Probabilistic Cost Modeling and Liability Settlement

State of California Remedial Action Order

Project Specs

  • Transaction Support
  • Complex Landfill Closure
  • Probabilistic Risk Model
  • Risk Quantification
  • Expert Witness Testimony
  • Regulatory Negotiation

Project Approach

As a result of its acquisition of certain assets and liabilities of a former company, a Fortune 100 company was named as a responsible party in a State of California Remedial Action Order that required the respondents to perform operation and maintenance activities and other projects at a 190-acre Class I hazardous waste landfill and a 170-acre Class III municipal waste landfill.  The company notified the State of its interest in reaching a cash-out settlement of its alleged liability, but the State responded that it would be difficult to reach a cash-out settlement without having a realistic estimate of how much it would cost to complete the site investigation and landfill closure activities. 

In response, the company hired a group of four experts to compile available information, use engineering judgment, and perform probabilistic cost estimating to arrive at a defensible settlement amount through the quantification of future uncertainties and risks.  The team of experts was led by a Senior Principal of DECARB, who was singularly responsible for the development and application of the probabilistic cost risk model that was the centerpiece of the settlement negotiations.  He also prepared the final report, led presentations to the State, defended the work against the State’s consultants, and made presentations to the company’s insurers to update them on the status and plans for the settlement.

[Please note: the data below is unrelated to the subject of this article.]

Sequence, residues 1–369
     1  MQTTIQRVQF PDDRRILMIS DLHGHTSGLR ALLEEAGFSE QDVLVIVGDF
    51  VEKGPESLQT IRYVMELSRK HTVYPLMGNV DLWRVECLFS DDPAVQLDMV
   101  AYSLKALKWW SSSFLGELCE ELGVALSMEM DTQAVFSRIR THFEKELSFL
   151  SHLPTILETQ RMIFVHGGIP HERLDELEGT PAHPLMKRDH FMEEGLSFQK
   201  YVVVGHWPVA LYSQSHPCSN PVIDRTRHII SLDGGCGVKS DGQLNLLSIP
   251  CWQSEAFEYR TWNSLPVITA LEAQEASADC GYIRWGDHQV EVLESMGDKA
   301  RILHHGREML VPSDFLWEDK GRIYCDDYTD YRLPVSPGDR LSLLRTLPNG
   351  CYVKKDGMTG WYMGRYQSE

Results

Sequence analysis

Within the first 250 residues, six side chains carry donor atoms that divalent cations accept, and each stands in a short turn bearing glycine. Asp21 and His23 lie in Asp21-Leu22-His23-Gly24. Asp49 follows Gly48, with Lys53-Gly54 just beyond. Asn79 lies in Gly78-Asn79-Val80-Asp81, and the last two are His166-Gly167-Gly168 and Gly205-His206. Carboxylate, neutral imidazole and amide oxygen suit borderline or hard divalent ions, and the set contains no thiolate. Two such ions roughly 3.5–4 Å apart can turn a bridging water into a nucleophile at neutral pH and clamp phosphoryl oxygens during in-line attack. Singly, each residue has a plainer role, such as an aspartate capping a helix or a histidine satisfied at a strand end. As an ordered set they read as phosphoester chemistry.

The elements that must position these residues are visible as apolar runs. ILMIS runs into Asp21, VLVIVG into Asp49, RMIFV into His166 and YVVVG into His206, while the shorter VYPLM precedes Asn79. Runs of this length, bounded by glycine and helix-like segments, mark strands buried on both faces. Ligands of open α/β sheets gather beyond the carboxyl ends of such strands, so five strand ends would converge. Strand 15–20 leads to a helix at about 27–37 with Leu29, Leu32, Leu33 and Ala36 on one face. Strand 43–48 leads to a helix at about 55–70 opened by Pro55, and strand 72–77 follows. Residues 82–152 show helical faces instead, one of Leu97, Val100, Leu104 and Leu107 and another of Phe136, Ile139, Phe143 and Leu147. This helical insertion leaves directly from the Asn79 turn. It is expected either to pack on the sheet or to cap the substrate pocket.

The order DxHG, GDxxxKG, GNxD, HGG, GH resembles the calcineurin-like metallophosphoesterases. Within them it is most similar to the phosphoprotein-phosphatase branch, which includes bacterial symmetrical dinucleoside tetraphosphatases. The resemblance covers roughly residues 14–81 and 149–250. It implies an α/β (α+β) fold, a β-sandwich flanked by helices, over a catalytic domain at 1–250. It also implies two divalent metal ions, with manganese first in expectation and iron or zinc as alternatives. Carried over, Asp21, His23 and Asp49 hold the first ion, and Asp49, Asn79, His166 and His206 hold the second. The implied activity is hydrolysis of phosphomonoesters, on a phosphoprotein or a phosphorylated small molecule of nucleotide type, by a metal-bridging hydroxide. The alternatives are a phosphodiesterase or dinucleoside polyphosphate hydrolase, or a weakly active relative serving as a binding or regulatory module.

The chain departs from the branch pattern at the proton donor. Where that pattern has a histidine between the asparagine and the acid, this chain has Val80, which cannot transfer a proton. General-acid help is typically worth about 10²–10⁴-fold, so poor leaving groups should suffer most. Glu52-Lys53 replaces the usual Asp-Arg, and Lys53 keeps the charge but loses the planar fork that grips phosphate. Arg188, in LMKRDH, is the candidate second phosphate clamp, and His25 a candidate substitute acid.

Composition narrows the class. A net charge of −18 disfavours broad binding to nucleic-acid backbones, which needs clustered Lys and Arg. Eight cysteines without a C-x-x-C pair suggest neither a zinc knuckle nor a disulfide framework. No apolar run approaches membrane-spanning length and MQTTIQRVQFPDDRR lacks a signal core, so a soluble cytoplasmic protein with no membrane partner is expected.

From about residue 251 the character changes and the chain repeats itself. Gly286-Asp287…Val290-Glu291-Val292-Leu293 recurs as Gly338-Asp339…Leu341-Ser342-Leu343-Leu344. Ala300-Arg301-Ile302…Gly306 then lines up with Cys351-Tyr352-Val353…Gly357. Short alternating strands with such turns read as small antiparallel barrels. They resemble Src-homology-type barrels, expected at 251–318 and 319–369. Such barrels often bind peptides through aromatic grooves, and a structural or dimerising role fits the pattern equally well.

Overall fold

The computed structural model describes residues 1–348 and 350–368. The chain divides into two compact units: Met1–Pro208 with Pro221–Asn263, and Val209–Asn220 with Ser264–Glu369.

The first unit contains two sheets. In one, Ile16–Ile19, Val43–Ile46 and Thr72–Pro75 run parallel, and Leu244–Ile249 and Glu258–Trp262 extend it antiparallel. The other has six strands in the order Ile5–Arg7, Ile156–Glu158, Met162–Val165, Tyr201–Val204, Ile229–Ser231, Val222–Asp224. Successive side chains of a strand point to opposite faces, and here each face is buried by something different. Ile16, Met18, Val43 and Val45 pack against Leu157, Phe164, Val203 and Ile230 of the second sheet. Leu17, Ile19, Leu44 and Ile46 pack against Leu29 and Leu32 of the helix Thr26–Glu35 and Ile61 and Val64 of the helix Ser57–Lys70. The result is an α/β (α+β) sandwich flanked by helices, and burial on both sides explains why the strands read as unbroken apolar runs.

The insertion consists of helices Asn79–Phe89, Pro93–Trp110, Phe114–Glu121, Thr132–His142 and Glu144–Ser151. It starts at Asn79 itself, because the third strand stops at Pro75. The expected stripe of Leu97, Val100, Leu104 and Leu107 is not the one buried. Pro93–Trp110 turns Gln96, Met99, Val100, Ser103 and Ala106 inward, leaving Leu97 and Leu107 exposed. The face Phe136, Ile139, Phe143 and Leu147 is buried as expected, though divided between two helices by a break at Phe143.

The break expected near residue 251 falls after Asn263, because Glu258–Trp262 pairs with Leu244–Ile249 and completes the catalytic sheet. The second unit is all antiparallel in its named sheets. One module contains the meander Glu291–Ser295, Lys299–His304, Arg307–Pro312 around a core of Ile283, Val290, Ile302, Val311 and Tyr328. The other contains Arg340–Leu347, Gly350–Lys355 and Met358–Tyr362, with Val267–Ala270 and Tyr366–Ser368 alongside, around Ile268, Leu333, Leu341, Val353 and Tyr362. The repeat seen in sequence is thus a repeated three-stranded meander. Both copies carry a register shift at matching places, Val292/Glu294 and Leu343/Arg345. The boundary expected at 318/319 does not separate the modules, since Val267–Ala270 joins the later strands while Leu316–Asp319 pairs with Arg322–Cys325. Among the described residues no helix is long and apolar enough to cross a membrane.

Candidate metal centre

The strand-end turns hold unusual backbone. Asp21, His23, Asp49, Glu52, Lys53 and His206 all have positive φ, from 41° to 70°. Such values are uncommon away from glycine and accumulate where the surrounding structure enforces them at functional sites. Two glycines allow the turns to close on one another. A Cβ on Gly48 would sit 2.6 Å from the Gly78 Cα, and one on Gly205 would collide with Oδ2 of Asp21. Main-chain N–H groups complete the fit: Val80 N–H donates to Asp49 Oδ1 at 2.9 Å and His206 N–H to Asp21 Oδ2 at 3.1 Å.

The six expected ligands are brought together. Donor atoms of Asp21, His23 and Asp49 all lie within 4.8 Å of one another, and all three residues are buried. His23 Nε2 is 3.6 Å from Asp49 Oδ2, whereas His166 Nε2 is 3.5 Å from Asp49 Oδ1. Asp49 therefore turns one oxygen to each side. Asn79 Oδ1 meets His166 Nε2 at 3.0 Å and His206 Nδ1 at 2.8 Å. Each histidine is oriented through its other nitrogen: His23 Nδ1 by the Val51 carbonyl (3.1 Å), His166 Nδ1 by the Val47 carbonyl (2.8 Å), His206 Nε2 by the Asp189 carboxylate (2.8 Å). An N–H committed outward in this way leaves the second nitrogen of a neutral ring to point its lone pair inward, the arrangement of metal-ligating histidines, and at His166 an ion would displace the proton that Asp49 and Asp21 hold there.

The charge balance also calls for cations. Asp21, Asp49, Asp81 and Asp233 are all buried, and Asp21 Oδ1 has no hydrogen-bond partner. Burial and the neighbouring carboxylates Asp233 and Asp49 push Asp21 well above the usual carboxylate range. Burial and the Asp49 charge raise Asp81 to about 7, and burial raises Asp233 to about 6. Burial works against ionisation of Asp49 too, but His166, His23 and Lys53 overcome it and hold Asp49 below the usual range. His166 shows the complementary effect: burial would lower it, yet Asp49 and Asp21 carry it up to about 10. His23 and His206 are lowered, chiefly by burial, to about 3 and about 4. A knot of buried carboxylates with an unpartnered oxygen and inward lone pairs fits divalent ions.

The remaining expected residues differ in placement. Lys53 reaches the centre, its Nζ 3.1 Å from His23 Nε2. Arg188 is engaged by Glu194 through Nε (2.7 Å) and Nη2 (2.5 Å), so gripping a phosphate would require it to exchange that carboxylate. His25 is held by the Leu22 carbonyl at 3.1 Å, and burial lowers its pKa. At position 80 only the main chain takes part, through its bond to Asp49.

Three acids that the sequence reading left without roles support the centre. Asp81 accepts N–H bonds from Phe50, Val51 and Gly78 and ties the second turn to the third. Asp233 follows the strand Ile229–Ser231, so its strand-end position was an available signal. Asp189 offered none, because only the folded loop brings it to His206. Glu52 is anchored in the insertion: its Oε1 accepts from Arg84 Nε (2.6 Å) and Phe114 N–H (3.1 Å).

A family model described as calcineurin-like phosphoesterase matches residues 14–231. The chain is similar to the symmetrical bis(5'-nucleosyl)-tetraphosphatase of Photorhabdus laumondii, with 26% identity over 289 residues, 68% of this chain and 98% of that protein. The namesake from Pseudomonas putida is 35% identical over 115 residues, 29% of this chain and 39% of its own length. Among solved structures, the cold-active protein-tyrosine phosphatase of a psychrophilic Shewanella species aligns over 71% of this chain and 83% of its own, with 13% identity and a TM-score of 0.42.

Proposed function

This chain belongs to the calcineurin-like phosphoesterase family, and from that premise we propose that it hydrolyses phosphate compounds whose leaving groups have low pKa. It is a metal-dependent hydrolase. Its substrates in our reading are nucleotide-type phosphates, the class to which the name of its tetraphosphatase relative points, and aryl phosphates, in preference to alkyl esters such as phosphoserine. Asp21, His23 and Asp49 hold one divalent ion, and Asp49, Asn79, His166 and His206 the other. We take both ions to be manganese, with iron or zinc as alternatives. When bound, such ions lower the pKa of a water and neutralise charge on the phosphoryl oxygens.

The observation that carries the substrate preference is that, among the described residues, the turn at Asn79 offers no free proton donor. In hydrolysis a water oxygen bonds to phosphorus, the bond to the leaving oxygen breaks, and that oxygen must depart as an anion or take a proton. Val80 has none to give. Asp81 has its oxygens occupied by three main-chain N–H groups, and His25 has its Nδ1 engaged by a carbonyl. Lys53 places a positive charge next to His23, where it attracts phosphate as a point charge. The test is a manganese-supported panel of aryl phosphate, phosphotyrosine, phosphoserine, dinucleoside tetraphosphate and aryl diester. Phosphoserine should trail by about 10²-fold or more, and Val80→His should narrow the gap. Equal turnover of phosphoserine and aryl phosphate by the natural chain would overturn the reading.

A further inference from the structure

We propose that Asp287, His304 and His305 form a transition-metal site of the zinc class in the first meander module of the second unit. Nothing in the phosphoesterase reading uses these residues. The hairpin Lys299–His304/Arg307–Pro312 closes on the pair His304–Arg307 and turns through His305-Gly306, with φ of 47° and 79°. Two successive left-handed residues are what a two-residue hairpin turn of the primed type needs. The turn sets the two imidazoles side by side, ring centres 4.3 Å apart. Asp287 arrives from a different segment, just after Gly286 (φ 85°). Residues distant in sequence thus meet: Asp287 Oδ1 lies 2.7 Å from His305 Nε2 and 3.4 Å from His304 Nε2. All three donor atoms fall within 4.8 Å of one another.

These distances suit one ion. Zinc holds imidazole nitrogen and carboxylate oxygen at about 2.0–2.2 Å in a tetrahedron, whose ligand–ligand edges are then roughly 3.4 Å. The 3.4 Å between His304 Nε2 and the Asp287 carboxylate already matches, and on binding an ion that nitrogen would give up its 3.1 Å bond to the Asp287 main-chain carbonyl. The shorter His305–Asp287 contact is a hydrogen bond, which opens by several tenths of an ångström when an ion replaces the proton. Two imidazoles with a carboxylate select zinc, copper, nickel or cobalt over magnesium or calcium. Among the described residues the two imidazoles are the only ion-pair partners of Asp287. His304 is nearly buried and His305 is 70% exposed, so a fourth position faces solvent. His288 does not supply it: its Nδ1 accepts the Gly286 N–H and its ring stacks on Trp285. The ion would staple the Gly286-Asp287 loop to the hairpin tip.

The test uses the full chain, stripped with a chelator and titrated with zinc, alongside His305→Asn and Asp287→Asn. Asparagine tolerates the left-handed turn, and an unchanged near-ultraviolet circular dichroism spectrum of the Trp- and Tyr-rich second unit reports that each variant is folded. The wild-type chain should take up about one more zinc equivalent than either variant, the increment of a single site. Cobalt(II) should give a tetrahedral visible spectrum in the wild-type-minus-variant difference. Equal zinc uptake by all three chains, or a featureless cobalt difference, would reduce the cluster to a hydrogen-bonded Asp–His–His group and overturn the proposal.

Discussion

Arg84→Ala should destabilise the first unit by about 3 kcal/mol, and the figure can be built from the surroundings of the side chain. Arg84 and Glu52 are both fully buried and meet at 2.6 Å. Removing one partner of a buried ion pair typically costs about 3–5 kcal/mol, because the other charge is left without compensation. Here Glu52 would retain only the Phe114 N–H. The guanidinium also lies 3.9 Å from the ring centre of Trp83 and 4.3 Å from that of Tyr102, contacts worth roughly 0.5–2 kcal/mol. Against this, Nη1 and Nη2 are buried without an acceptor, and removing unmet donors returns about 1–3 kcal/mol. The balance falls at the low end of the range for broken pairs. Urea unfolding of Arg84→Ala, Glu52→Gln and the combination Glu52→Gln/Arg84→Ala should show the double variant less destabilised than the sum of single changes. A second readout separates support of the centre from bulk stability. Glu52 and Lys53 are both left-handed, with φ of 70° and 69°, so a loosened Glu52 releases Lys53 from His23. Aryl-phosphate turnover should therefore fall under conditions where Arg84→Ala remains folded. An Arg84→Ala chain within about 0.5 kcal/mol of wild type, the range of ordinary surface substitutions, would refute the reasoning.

The cost model incorporated decision tree principles to evaluate uncertainties in State-controlled decisions on the nature and extent of future remedial activities, as well as Monte-Carlo simulations to quantify the effects of uncertainties in quantities and unit costs.  A critical uncertainty addressed in the model was the nature and extent of groundwater impacts due to a potential threat to nearby public drinking water supplies.   A unique feature of the model was the need to incorporate the effects of several low-probability, high-cost binary risks such as a future earthquake given that a fault ran through the site, a destructive fire similar to what was being experienced across other Southern California hillsides, and a catastrophic landfill gas release if there was a system failure.

The result of the study was the acceptance of a risk-based settlement amount by the State that was highly favorable to the company.  The difference between the State’s initial settlement offer and the final settlement amount was a nine-figure value.